“These are not the refugees we are used to. They are Europeans, intelligent, educated people, some are IT programmers … this is not the usual refugee wave of people with an unknown past. No European country is afraid of them.” And likewise said Al Jazeera English anchor Peter Dobbie. “These are not people trying to get away from areas in North Africa. They look like any European family that you would live next door to.”

And CBS News correspondent Charlie D’Agata said,

“This isn’t a place, with all due respect, like Iraq or Afghanistan, that has seen conflict raging for decades. This is a relatively civilized, relatively European—I have to choose those words carefully too— city, one where you wouldn’t expect that or hope that it’s going to happen.”

All this has caught the eye of Lorraine Ali at the Los Angeles Times, where she draws attention to a bias in some of the press commentary that betrays an inclination for more charity towards white people:

A number of correspondents, consciously or not, framed suffering and displacement as acceptable for Arabs, Afghans, and others over there—but not here, in Europe, where the people “have blue eyes and blond hair” and where they “look like us.” (And yes, those are actual quotations from news clips.)

Political commentator Mehdi Hasan also made sure the discrepancy didn’t go unnoticed—stating on his MSNBC show Sunday:

Europe has been home to some of the worst wars and worst war crimes in human history—I mean, the Holocaust. So why this surprise that bad things are happening in Europe? And second, when they say, ‘Oh, civilized cities’ and, in another clip, ‘Well-dressed people’ and ‘This is not the Third World,’ they really mean white people, don’t they?”

The idea is brought to the forefront more profoundly as black African students studying in Ukraine have been stopped at the border while trying to flee.

A Measure of Introspection Is Demanded of Us as Christians

True charity is or should be the central aspiration of every Christian. The scriptures tell us that without charity, defined as the pure love of Christ, we are nothing.

Though I speak with the tongues of men and of angels, and have not charity, I am become as sounding brass, or a tinkling cymbal. And though I have the gift of prophecy, and understand all mysteries, and all knowledge; and though I have all faith, so that I could remove mountains, and have not charity, I am nothing. And though I bestow all my goods to feed the poor, and though I give my body to be burned, and have not charity, it profiteth me nothing.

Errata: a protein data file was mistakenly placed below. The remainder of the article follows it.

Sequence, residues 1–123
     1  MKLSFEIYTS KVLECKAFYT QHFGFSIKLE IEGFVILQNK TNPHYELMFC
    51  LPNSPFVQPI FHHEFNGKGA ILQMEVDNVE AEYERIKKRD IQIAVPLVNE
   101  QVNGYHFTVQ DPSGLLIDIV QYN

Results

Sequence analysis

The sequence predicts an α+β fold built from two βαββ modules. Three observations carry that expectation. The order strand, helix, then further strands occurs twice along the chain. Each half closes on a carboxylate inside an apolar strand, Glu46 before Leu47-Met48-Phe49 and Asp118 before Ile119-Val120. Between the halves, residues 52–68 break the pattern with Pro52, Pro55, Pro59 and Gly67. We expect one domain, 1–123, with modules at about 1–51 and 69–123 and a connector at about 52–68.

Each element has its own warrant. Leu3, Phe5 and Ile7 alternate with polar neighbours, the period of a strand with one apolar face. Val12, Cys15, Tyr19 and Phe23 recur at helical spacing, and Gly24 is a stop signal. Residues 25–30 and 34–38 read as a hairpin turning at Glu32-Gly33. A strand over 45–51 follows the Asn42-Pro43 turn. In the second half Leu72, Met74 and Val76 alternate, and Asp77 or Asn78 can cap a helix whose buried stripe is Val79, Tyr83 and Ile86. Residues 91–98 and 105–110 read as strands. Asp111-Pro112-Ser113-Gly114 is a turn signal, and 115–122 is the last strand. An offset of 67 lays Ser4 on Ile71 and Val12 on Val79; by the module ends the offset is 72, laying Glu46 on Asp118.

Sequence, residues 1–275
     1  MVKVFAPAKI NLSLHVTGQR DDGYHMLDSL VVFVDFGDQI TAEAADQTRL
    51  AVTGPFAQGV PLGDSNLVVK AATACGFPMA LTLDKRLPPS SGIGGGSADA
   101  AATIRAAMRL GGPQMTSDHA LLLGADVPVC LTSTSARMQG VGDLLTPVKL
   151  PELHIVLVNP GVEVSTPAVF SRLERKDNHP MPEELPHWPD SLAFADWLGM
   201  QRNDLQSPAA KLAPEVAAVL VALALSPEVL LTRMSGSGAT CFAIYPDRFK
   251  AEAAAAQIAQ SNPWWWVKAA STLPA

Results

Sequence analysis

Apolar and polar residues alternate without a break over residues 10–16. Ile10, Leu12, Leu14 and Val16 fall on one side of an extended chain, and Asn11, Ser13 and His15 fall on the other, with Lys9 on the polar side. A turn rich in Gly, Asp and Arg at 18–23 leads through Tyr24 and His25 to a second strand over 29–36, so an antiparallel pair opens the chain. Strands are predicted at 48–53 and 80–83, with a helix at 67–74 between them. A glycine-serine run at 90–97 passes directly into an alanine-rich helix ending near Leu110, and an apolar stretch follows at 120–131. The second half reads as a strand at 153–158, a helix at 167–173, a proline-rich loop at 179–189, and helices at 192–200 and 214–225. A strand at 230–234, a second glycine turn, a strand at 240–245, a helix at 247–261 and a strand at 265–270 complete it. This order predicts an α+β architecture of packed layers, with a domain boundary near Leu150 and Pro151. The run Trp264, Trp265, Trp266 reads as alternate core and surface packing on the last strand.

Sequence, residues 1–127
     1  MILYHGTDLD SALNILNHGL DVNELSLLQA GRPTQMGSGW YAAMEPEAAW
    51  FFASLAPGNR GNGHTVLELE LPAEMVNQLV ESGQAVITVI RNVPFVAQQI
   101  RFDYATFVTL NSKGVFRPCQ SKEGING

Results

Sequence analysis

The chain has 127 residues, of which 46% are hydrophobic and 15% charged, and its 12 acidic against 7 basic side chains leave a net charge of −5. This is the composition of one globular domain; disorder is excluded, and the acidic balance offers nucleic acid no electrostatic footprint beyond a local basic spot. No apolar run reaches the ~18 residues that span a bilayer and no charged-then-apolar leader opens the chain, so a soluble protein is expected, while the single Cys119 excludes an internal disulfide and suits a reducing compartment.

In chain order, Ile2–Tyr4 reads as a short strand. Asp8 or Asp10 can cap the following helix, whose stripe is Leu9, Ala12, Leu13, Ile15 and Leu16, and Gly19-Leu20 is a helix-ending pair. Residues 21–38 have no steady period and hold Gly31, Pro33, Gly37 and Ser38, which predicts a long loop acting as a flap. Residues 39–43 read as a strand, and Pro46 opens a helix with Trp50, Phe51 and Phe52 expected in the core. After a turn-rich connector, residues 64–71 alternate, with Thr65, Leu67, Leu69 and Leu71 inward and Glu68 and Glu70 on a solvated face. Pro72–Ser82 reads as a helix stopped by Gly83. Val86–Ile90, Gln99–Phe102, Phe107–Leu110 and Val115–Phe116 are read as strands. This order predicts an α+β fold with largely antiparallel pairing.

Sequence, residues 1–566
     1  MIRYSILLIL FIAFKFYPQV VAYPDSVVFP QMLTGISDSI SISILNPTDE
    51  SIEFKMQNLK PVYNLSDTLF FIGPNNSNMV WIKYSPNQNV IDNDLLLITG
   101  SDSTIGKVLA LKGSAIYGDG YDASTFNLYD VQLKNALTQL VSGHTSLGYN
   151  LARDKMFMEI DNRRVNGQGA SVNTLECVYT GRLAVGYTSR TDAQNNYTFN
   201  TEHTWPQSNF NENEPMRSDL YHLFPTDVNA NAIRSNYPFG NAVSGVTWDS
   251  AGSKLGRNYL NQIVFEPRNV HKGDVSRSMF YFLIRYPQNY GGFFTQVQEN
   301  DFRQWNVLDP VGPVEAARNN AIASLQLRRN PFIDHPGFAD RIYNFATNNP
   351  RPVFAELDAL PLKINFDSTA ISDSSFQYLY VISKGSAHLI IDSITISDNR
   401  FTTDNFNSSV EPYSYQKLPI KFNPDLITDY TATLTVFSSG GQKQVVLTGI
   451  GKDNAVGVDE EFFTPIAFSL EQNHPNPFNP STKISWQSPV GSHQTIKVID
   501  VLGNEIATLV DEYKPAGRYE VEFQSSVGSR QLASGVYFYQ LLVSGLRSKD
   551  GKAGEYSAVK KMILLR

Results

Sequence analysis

And yet, I think nearly 100% of us are guilty on some level, in some ways, at some times, of “joining house to house” and “seeking our own.”

Of course, there are times and places where borders do need to be reinforced and boundaries maintained. Any country without some kind of boundary can hardly be considered a country. But from individual homes to worship houses to entire countries, when our decisions of who is allowed in—or not—exclude someone on an external characteristic over which they have no control we all need to think twice.

And this may be an especially good time to reflect upon our feelings when North African refugees were banging on the closed gates of the borders in Europe, or when Haitian, Mexican, and Central American refugees were (are) flooding to the southern borders of America. Borders are important to preserve order and safety, but what are the true sources of our own, personal borders internally that influence our opinions of world events, our actions in our own country, and our behavior in our neighborhoods?

Let’s look into our own souls and wrestle with these two aspects of charity—looking out for your own land and your own people—with which we all struggle.

About the author

Gale Boyd

Gale Boyd is Public Square Magazine's copy chief. She has written for and The Forward. She raised her family in four countries and has traveled to over 40. She and her husband served in the Singapore Mission, in Penang, Malaysia.